It is widely adopted that tweaking the composition of our gut microbiomes provides health benefits. Indeed, this is the idea driving the (multi-billion-dollar) probiotic industry. However, identifying which bacteria may alleviate which ailment is research that is still in its infancy.

Now, researchers from the RIKEN Center for Integrative Medical Sciences (IMS) in Japan have identified gut bacteria that might help improve insulin resistance, and thus protect against the development of obesity and type 2 diabetes. To do this, they took a comprehensive multi-omics approach using human fecal microbiomes.

This work is published in Nature in the paper, “Gut microbial carbohydrate metabolism contributes to insulin resistance.

What role do bacteria play in insulin resistance? Our gut microbiome breaks down the carbohydrates from food, creating a link between this process and obesity and pre-diabetes. However, the association has remained unclear because of the diversity of bacteria in the gut microbiome and lack of metabolic data.

Now, Hiroshi Ohno, MD, PhD, team leader at RIKEN and his team have filled in some of the gaps with this new study which takes an unbiased approach—combining the analysis of fecal metabolomics with metagenomics, host metabolomics, and transcriptomics data to profile the involvement of the microbiome in insulin resistance. Their method led to the discovery of a type of bacteria that might help reduce insulin resistance.

First, they examined metabolites in the feces of over 300 adults at their regular health checkups. They compared this metabolome with the insulin resistance levels obtained from the same people. “We found that higher insulin resistance was associated with excessive carbohydrates in the fecal matter,” said Ohno, “especially monosaccharides like glucose, fructose, galactose, and mannose.”

More specifically, they found that fecal carbohydrates, particularly host-accessible monosaccharides, “are increased in individuals with insulin resistance and are associated with microbial carbohydrate metabolisms and host inflammatory cytokines.”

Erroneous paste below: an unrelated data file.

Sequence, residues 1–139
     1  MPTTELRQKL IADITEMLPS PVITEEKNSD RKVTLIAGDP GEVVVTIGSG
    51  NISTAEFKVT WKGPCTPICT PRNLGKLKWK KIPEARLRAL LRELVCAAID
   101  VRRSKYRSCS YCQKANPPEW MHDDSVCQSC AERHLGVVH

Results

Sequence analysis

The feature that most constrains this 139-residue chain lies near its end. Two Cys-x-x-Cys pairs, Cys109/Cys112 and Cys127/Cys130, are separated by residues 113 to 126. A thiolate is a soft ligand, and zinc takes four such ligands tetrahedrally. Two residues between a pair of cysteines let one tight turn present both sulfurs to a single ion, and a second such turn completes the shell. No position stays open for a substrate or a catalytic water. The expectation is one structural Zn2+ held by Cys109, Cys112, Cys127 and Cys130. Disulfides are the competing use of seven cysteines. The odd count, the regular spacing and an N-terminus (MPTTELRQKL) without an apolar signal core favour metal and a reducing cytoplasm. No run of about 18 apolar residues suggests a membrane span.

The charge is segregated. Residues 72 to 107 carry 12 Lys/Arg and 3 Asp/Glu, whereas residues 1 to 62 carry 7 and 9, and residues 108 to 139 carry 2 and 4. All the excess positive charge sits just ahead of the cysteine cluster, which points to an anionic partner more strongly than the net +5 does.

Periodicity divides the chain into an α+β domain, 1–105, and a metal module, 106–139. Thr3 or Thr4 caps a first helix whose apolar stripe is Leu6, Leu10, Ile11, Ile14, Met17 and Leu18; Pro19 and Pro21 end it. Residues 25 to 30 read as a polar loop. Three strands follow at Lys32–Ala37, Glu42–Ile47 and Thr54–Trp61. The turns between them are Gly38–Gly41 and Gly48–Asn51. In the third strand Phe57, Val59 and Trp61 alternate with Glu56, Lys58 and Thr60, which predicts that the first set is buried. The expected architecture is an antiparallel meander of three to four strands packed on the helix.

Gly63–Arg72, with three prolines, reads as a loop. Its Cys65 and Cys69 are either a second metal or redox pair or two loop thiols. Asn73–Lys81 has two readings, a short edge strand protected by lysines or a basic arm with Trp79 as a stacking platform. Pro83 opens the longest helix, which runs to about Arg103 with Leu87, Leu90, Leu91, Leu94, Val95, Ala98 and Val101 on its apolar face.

People with higher insulin resistance contained more bacteria from the taxonomic order Lachnospiraceae than from other orders. Additionally, microbiomes that included Lachnospiraceae were associated with excess fecal carbohydrates. Thus, a gut microbiota dominated by Lachnospiraceae was related to both insulin resistance and feces with excessive monosaccharides. At the same time, insulin resistance and monosaccharide levels were lower in participants whose guts contained more Bacteroidales-type bacteria than other types.

In characterizing the gut microbiota of the study participants and their relationship with insulin resistance and fecal carbohydrates, they “show a distinct pattern of carbohydrate metabolism, and demonstrate that insulin-sensitivity-associated bacteria ameliorate host phenotypes of insulin resistance in a mouse model.”

They then set out to see the direct effect of bacteria on metabolism in culture and then in mice. In culture, Bacteroidales bacteria consumed the same kinds of monosaccharides that were found in the feces of people with high insulin resistance, with the species Alistipes indistinctus consuming the greatest variety. In obese mice, the team looked at how treatment with different bacteria affected blood sugar levels. They found that A. indistinctus lowered blood sugar and reduced insulin resistance and the amount of carbohydrates available to the mice.

These results were compatible with the findings from human patients and have implications for diagnosis and treatment. As Ohno explained, “Because of its association with insulin resistance, the presence of gut Lachnospiraceae bacteria could be a good biomarker for pre-diabetes. Likewise, treatment with probiotics containing A. indistinctus might improve glucose intolerance in those with pre-diabetes.”

Although most over-the-counter probiotics do not currently contain the bacteria identified in this study, Ohno urges caution should they become available. “These findings need to be verified in human clinical trials before we can recommend any probiotic as treatment for insulin resistance.”

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